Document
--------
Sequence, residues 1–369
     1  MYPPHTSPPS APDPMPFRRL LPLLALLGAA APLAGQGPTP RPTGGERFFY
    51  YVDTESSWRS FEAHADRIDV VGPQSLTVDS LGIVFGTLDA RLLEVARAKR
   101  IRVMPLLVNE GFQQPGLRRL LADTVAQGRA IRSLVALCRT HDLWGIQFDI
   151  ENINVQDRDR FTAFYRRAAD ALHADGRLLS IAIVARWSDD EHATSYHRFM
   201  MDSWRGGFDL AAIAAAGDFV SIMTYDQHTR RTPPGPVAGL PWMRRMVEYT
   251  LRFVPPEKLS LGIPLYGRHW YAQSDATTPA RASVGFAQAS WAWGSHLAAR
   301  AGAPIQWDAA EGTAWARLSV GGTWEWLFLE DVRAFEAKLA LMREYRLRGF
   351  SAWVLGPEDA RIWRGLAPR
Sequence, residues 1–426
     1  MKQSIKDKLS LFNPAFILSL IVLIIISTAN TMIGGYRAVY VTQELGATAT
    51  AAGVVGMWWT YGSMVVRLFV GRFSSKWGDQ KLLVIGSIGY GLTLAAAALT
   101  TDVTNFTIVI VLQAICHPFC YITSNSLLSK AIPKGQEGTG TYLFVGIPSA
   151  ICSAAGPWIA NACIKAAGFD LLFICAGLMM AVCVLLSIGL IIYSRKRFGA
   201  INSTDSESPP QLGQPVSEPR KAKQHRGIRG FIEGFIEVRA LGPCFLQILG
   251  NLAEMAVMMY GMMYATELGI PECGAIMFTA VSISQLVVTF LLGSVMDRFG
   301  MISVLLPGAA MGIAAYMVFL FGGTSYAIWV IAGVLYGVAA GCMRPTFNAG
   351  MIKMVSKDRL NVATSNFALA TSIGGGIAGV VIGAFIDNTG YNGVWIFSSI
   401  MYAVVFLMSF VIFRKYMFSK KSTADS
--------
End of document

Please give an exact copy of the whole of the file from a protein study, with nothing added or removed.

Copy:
Sequence, residues 1–369
     1  MYPPHTSPPS APDPMPFRRL LPLLALLGAA APLAGQGPTP RPTGGERFFY
    51  YVDTESSWRS FEAHADRIDV VGPQSLTVDS LGIVFGTLDA RLLEVARAKR
   101  IRVMPLLVNE GFQQPGLRRL LADTVAQGRA IRSLVALCRT HDLWGIQFDI
   151  ENINVQDRDR FTAFYRRAAD ALHADGRLLS IAIVARWSDD EHATSYHRFM
   201  MDSWRGGFDL AAIAAAGDFV SIMTYDQHTR RTPPGPVAGL PWMRRMVEYT
   251  LRFVPPEKLS LGIPLYGRHW YAQSDATTPA RASVGFAQAS WAWGSHLAAR
   301  AGAPIQWDAA EGTAWARLSV GGTWEWLFLE DVRAFEAKLA LMREYRLRGF
   351  SAWVLGPEDA RIWRGLAPR
Sequence, residues 1–426
     1  MKQSIKDKLS LFNPAFILSL IVLIIISTAN TMIGGYRAVY VTQELGATAT
    51  AAGVVGMWWT YGSMVVRLFV GRFSSKWGDQ KLLVIGSIGY GLTLAAAALT
   101  TDVTNFTIVI VLQAICHPFC YITSNSLLSK AIPKGQEGTG TYLFVGIPSA
   151  ICSAAGPWIA NACIKAAGFD LLFICAGLMM AVCVLLSIGL IIYSRKRFGA
   201  INSTDSESPP QLGQPVSEPR KAKQHRGIRG FIEGFIEVRA LGPCFLQILG
   251  NLAEMAVMMY GMMYATELGI PECGAIMFTA VSISQLVVTF LLGSVMDRFG
   301  MISVLLPGAA MGIAAYMVFL FGGTSYAIWV IAGVLYGVAA GCMRPTFNAG
   351  MIKMVSKDRL NVATSNFALA TSIGGGIAGV VIGAFIDNTG YNGVWIFSSI
   401  MYAVVFLMSF VIFRKYMFSK KSTADS